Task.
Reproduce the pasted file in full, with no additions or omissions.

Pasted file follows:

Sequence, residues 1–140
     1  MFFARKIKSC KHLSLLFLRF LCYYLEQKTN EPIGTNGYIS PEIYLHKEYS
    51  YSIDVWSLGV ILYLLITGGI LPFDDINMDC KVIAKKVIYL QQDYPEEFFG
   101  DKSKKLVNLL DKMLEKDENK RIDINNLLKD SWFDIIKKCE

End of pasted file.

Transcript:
Sequence, residues 1–140
     1  MFFARKIKSC KHLSLLFLRF LCYYLEQKTN EPIGTNGYIS PEIYLHKEYS
    51  YSIDVWSLGV ILYLLITGGI LPFDDINMDC KVIAKKVIYL QQDYPEEFFG
   101  DKSKKLVNLL DKMLEKDENK RIDINNLLKD SWFDIIKKCE